Very Impractical Jokes

I hate so-called practical jokes.

I don’t even know why they are called practical jokes, unless it’s to distinguish them from jokes that are actually clever and amusing. One of the reasons I despise them is because they place the onus on the victim. As tradition has it, the goat is supposed to pretend to find it hilarious that some jerk has made him the butt of public ridicule, and if he doesn’t laugh, he is branded a humorless dolt, a prig, a stuffed shirt.

I’m not saying that practical jokers should be executed, but a few hours on the rack shouldn’t be out of the question.

Some years ago, when I was a student at UCLA, writing a humor column and movie reviews for the Daily Bruin, I was friends with a fellow we’ll call Terry who contributed book reviews to the student publication. One day he came up to me and said, “I guess you didn’t see it.” “See what?” I asked. And that is how it all began.

It seems Terry had written something stupid in the form of a letter to the editor of the L.A. Herald Express, and signed my name to it. What’s more, they published it. After all this time, I can’t recall the content, but the obvious intention was to place me in the corner with a dunce cap perched on my head.

However, because my family, along with every other family I knew — except apparently Terry’s — took the L.A. Times, not only had I not seen the letter, but nobody had embarrassed me by asking why I had put my name to such balderdash.

When I asked Terry why he’d done it, he said he really didn’t know, but that it had seemed like a funny idea at the time. One could say, no harm, no foul, and let it drop. But that is not my way. So far as I’m concerned, if you shoot someone, but he doesn’t die because the bullet is deflected or because the surgical team works a miracle, he’s still made his intention crystal clear, and he must be punished. Terry had crossed a line and there was no going back.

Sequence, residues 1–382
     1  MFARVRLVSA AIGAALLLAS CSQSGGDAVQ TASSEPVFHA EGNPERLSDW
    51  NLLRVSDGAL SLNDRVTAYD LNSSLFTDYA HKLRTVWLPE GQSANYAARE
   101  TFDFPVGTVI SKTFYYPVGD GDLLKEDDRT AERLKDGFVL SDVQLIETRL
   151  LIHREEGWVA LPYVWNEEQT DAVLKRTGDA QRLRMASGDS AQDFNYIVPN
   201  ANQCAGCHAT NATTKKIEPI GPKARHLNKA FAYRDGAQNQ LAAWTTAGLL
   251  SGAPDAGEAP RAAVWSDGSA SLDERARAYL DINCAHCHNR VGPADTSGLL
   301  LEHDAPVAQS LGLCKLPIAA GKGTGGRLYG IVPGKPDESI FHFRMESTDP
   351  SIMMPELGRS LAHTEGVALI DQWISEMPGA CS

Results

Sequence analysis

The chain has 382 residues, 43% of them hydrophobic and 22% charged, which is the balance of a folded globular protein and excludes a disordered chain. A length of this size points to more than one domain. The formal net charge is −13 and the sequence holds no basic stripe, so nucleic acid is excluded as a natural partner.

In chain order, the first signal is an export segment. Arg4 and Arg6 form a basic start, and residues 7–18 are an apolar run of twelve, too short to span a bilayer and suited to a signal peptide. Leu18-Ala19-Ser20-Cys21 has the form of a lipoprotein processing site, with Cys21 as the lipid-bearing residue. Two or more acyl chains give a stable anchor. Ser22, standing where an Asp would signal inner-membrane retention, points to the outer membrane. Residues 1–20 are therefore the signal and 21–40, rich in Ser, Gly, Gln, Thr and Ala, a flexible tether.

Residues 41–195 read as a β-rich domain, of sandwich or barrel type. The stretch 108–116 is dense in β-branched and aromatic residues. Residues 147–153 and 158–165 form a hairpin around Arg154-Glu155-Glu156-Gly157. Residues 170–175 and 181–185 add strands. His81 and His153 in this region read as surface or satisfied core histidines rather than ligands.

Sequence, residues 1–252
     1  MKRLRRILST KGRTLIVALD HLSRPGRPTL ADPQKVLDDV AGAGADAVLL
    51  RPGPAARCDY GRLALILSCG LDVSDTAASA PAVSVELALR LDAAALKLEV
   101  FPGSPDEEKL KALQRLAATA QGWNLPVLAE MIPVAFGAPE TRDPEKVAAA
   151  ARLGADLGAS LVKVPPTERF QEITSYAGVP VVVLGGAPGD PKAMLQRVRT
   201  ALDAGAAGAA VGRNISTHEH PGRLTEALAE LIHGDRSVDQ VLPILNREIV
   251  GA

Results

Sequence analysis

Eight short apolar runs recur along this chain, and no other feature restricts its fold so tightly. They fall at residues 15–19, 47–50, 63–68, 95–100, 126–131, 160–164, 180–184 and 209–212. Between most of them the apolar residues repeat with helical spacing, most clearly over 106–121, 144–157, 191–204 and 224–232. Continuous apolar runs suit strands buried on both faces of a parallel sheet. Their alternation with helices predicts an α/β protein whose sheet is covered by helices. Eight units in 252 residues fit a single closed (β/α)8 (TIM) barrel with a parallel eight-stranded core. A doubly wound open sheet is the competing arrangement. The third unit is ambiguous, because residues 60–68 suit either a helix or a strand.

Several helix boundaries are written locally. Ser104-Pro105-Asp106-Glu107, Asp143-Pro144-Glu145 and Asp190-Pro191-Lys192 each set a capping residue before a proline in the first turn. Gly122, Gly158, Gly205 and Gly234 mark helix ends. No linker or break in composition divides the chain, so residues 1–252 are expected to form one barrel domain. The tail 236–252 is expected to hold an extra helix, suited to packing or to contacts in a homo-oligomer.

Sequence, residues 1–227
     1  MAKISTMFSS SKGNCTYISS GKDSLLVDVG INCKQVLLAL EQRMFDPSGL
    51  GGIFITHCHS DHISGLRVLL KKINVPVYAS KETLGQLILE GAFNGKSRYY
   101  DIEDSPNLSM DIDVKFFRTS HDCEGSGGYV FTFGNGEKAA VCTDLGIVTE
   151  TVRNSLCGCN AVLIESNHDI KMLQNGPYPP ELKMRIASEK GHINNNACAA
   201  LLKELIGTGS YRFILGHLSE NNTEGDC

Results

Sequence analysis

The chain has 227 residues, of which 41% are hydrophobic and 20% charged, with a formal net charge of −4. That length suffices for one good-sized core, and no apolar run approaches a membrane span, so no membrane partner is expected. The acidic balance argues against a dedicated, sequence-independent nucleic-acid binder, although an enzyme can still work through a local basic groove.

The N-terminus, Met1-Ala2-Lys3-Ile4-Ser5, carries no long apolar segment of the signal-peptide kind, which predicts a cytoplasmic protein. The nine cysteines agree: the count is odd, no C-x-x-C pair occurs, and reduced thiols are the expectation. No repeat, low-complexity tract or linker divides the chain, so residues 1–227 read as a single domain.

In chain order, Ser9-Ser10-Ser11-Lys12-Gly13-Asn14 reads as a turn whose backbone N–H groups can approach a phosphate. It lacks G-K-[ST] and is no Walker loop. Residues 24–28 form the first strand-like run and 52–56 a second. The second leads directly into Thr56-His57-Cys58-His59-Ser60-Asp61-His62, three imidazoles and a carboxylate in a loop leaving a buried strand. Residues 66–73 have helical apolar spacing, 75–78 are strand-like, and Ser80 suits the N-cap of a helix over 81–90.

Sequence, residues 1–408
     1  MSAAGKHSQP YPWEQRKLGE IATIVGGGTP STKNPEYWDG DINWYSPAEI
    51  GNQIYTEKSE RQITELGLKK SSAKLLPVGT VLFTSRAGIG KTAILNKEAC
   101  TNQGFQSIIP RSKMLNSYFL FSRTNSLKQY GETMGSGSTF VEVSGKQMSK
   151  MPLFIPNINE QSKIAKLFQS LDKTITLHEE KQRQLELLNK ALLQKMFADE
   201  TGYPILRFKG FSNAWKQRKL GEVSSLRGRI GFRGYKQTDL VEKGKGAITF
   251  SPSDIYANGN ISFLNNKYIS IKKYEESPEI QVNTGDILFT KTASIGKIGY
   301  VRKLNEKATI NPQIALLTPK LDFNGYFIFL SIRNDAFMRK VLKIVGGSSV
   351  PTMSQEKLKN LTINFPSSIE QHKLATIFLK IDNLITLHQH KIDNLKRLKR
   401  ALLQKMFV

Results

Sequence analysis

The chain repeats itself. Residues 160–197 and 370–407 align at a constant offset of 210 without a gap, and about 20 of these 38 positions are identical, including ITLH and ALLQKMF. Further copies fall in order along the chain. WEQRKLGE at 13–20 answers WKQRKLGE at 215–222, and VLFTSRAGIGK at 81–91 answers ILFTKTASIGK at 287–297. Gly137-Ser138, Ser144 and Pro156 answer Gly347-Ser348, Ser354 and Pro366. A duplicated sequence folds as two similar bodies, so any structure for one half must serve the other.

Even though I had not yet read Machiavelli’s “The Prince,” I instinctively understood that revenge is a dish best served cold. And, so, I bided my time. It wasn’t until a few weeks later that Terry received a letter at the Daily Bruin office. It appeared to be from his favorite author and L.A. resident Aldous Huxley, author of “Brave New World” and “After Many a Summer Dies the Swan.”

In the letter, Huxley gushed that he had long been a fan of Terry, and regarded him, in spite of his youth, as the best book reviewer in America. He rhapsodized about Terry’s depth of knowledge and his critical analysis, and also claimed to be enchanted by his captivating writing style.

He suggested that Terry come pay a visit and enjoy a cup of tea with him and Mrs. Huxley, suggesting a date a few weeks off, by which time he would have finished correcting the galleys for his latest book, “Panorama of Ignorance.”

Terry, who was given to unwarranted displays of enthusiasm unknown outside a political convention, was simultaneously beside himself and over the moon.

But, alas, all good things must come to an end. They just don’t generally come so quickly. Two days later, when Terry received identical letters in identical envelopes from Albert Camus and Ernest Hemingway, both of whom had recently taken their leave — one in an automobile accident, the other by a self-inflicted shotgun blast — he realized that all the phone calls to relatives and all the bragging to his English professors had been, to put it as gently as possible, decidedly premature.

At least he didn’t have to ask me why I had done it.

After that, if I even caught Terry looking at me cross-eyed, I merely had to whisper, “Panorama of Ignorance,” and watch him cower and whimper.